Flake-out Friday–Wherein I Use An Illustration To Point Out The Importance Of Tight Dialogue


Dialogue is one of the techniques/skills that writers must learn in order to develop effective character communication. Dialogue not only displays a character’s “voice,” it also serves to SHOW relationship dynamics AND to advance the plot.

It’s easy to get stuck in the mire of conversation, meaning, the niceties and back and forth’s that don’t really go anywhere. Case in point (as borrowed from The Oatmeal comic, Ten Reasons to Avoid Talking on the Phone):

(Thanks, Cate for pointing this out! LOVE IT!)

Ok, so the example above pretty much sums up what a space waster the “Hi, how are ya?” “Fine, how are you?” exchanges are. If you see them in your dialogue, CUT ‘EM OUT! The reader doesn’t care about idle weather talk, they wanna get to the chainsaws!

Speaking of chainsaws, context and body language also makes a big difference (hence the importance of showing).

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15 comments on “Flake-out Friday–Wherein I Use An Illustration To Point Out The Importance Of Tight Dialogue

  1. Tee hee, love your examples – they’re going to stick in my mind for ages I think! Great point about dialogue, I’m revising at the moment and that’s one of the things I’m concentrating on – tightening up my dialogue. (And showing not telling of course!).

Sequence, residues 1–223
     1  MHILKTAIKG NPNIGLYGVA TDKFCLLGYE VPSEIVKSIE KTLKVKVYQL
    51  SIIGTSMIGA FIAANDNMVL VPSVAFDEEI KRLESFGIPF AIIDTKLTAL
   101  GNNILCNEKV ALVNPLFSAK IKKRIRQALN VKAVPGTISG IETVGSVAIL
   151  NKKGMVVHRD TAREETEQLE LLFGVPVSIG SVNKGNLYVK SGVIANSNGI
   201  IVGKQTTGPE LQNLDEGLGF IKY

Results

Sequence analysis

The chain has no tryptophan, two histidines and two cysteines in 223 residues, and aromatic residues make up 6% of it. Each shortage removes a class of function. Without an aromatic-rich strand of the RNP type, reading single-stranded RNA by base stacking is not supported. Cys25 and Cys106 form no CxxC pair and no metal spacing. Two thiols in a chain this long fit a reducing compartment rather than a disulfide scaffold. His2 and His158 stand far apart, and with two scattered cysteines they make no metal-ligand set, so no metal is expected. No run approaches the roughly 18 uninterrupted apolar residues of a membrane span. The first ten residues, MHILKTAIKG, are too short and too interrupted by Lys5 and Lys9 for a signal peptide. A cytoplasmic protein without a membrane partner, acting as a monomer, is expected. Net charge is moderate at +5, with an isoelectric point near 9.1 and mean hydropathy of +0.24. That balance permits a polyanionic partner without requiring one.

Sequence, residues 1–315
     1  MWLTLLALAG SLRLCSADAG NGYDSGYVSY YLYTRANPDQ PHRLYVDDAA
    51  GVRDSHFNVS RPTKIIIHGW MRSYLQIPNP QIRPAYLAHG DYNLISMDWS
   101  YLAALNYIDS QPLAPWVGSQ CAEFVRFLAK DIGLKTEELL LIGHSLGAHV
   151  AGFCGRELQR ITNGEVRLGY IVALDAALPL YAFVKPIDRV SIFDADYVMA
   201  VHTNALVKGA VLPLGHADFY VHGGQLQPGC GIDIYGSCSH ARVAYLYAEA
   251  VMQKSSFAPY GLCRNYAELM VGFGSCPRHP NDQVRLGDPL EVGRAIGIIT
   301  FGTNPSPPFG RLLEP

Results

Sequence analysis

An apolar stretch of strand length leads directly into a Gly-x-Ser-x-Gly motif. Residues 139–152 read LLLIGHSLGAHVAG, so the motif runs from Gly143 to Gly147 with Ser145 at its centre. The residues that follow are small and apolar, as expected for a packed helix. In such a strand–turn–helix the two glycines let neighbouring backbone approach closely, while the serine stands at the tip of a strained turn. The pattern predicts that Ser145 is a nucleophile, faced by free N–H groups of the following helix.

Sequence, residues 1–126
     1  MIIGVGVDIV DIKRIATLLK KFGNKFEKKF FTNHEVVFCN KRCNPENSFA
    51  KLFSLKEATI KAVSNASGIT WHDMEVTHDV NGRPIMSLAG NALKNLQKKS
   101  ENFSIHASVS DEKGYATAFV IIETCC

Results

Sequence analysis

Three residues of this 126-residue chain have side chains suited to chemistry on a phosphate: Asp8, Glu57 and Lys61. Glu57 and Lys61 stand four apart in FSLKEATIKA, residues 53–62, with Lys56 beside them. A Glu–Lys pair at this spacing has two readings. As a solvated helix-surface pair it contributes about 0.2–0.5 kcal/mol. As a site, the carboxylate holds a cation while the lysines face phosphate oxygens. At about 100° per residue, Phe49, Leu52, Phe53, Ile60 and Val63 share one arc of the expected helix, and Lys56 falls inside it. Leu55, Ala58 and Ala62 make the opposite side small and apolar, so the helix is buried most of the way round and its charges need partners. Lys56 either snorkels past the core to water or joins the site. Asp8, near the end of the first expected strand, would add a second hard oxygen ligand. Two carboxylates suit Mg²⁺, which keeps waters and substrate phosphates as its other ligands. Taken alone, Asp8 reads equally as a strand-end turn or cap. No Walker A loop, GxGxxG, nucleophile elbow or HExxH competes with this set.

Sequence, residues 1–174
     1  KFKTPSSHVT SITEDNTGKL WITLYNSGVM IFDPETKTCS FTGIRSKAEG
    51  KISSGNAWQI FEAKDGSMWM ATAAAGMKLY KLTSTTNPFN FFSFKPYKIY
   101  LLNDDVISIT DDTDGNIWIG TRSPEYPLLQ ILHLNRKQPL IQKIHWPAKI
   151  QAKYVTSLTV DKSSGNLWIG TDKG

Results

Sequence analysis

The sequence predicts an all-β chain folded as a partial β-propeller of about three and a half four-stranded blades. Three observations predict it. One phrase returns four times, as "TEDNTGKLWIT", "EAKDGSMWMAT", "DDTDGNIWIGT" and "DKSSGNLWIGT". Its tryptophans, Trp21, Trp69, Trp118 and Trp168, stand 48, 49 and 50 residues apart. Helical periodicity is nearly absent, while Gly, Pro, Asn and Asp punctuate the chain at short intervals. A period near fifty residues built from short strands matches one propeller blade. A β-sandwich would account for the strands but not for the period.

Rach

  2. Ciara Knight says:

    I struggle with this and always work hard to correct show vs. tell and bad dialogue during the editing phase. 🙂

  3. Misha says:

    Hahahaha I loved the comics.

    🙂

  4. Charli Mac says:

    Hee hee. I often hold a chainsaw when speaking to my mother-in-law!

    Great post. I don’t think I have a “Hi how are you?” in my MS but now you have me wondering. 🙂

    Happy Friday.

  5. Hahahahahahahahaha!

    Oops, better get rid of some that extraneous dialogue in my wip.

  6. There is a difference between real life and novels. Real life is real; novels are shorthand real. Because we readers don’t care about the details of real. We want DRAMA! This is really important to learn. Thank you for sharing, Laura. Blessings to you…

  7. Christine Fonseca says:

    So love these!

  8. Lydia K says:

    Love those examples! They were perfect!

  9. lexcade says:

    LOL Love it!!!!

  10. J E Fritz says:

    Those were so funny! And you make a good point with them, too. I want my dialogue to sound realistic but in books, what sounds natural isn’t what’s realistic.

  11. I totally laughed out loud at the saw!

  12. Lynn Rush says:

    HA. These are great!

  13. Dialogue is a big part of what I write and I try to avoid the ‘filler’ stuff.

  14. I’ve learned to tighten my dialogue. Now I skip the niceties when I talk to people in person. 😉

    Great post! 😀

  15. Abby Annis says:

    This is hilarious! Great post! 🙂

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